My question is this: While the reasons put forth by John Irving, an extremely successful novelist, are interesting in their own right, what are some other benefits of writing by hand? And while we’re at it, what are the benefits of typing? Which do you prefer and why?
With regards to typing, I’m curious to know reasons other then the obvious ones (such as “you can save”, “easy to distribute”, etc.). I want you to think from the perspective of a writer, not just a computer user.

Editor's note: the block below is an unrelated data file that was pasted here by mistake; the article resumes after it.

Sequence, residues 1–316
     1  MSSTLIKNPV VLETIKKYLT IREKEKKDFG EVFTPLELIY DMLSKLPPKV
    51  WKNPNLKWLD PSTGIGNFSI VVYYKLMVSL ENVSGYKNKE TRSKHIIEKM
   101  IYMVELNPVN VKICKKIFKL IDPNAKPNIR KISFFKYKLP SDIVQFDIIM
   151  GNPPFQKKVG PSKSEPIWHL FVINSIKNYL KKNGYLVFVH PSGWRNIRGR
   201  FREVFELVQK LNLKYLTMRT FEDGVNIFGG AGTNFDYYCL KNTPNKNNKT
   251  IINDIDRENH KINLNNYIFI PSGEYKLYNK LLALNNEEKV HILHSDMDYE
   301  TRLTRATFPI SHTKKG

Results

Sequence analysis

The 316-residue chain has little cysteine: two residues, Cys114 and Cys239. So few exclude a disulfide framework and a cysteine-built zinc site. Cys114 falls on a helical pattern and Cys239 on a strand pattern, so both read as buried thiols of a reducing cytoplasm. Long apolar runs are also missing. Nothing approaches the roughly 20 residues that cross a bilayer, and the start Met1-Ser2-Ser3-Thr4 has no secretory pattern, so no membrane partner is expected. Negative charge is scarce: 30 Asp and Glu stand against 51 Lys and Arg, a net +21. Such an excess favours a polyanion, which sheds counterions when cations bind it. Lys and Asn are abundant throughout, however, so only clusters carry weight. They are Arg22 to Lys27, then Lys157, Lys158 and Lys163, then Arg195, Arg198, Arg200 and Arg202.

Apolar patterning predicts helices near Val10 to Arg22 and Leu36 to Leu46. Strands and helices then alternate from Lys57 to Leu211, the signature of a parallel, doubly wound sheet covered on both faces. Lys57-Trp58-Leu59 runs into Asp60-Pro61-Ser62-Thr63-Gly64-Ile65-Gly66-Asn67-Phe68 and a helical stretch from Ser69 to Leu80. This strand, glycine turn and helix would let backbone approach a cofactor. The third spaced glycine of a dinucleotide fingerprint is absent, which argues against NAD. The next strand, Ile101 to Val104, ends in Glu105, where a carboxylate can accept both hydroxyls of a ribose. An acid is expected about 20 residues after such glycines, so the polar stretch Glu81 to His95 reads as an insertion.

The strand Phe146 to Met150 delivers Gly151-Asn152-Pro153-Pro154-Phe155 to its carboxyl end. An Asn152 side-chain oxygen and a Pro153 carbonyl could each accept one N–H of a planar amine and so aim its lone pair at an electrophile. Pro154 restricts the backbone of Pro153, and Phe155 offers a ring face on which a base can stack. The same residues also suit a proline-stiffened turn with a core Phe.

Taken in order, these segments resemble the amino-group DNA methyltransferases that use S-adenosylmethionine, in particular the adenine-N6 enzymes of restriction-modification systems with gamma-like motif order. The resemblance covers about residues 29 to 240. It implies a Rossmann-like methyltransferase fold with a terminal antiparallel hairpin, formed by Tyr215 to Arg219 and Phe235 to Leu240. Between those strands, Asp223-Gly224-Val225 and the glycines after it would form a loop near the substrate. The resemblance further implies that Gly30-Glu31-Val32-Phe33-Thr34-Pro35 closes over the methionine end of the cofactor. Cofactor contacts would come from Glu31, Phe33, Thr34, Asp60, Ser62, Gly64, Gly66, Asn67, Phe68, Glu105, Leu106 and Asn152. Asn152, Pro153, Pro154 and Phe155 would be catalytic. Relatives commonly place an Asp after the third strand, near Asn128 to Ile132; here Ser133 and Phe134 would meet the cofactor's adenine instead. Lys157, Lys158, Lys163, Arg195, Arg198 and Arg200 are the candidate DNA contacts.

Poetry and Prose are the two gods and I can’t really differentiate between them. Sure I know an epic from a novel but extremes are easy in comparison and easier when my tenth grade english teacher (who was also my friends mom- we’re no longer friends) has had us deconstruct each over and over again. The poems that I have begun to read now and the prose that I am reading has bled together to form something that makes me feel certain ways and think certain things. This bleeding is evident in stories like this piece of flash fiction “The Man in the Basement”. It is flash fiction, so analysis or summary sort of defeats the purpose, but in under a thousand words I am able to feel so much for the character here. I also encourage anyone that reads this story and enjoys it, to read all of the other short stories on this website “Flash Fiction Online” that makes up for its name with very clever and good pieces of flash fiction. And you could be the next contributor. They are always accepting submissions and they are nice about feedback and response time. If you get a story published, it is also 60 dollars that they pay you. Not bad for a thousand words- one picture. The picture in the story underneath is of smoke and roaches and I think you all will like it. Plus it’ll take about 60 seconds to read.